Noise: How Loud is Too Loud?

Noise: How Loud is Too Loud?

The world can be a noisy place and exposure to harmful noise without proper hearing protection can cause hearing loss. To understand how this occurs we need to discuss intensity and duration, the two main factors involved in noise-induced hearing loss. Intensity is the decibel level of the noise (how loud it is), measured in dB(A).  Duration is the length of time the ears are exposed to the level of noise.

The maximum level of noise exposure that is considered “safe” over an 8-hour workday in Ontario is 85 dB(A). If the noise reaches above this level you are at risk for noise-induced hearing loss. As the decibels or intensity of the noise increases, the length of time or duration the ears can be exposed to this level of noise decreases. We are ‘exchanging’ the loudness for the duration of listening. This rate of exchange is 3 dB(A), so for every 3 dB increase in loudness, the maximum safe level decreases by half! To further explain, if the intensity of noise is 85 dB(A), the allowable duration of exposure is 8 hours; however, if the level is 88 dB(A), the permitted exposure time decreases to 4 hours and at 91 dB(A) the exposure time is only 2 hours, and so on. For reference, a normal conversation is 65 dB, a lawnmower is 90 dB and a chainsaw is 110 dB.

Noise exposure is not limited to the workplace. Listening to music, snowblowing, using power tools, attending concerts, etc. can all be harmful. Remember it is the loudness and the duration of the noise that is most important; the longer the exposure at high levels, the greater the damage.

Using proper hearing protection will reduce the intensity of the noise, therefore, allow for longer exposure (click here for more information). It will also reduce the risk of developing a permanent hearing loss. Custom earplugs exist for a variety of applications including but not limited to: hunting, musicians, industrial settings, and construction. We offer all kinds of custom hearing protection at Culford Family Hearing.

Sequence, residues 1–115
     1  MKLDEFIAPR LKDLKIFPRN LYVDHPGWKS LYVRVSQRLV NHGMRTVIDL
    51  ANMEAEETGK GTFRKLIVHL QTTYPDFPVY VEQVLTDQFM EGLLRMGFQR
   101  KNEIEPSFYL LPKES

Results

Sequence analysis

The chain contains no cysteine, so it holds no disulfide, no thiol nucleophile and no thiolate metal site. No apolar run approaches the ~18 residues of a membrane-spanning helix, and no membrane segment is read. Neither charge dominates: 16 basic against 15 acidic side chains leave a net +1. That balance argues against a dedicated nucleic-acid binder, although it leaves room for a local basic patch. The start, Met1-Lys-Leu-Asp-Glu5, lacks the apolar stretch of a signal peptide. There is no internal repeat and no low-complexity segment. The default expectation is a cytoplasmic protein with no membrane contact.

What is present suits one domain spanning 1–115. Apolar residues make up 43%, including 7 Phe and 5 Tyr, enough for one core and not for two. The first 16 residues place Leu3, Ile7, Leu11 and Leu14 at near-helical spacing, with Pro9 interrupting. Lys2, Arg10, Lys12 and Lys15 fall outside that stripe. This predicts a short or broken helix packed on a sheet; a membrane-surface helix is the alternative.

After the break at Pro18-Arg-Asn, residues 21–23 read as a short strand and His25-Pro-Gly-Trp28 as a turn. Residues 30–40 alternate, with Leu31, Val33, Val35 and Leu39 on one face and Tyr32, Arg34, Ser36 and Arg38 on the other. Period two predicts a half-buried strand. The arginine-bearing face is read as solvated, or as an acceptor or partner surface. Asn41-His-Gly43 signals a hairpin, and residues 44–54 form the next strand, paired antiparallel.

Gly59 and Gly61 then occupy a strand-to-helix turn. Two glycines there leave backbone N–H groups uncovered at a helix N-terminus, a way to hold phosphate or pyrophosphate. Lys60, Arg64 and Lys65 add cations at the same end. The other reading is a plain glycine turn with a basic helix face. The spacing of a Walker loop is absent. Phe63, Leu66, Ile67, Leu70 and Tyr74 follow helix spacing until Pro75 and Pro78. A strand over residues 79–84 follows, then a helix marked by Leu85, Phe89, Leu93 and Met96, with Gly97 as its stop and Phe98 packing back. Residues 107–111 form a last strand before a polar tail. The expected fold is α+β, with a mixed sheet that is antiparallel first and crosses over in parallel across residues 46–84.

If you have been exposed to noise through your workplace or through military exposure, you may be able to initiate a claim through the Workplace Safety Insurance Board (WSIB) or Veterans Affairs Canada (VAC). If you feel you may have a noise-induced hearing loss, it is important to have a hearing test. Our audiologist, Curt Culford, is a registered service provider for both the WSIB and VAC. He can help you with a claim and will work with you the throughout the entire process. Come in for a visit to learn more about your options.

Our goal is to help you hear what is important to you.

Contact Info:

Curt Culford, Audiologist and Owner

Culford Family Hearing, 10 Keith Avenue, Unit 102 (Cranberry Mews), Collingwood, ON



*Image from WSIB*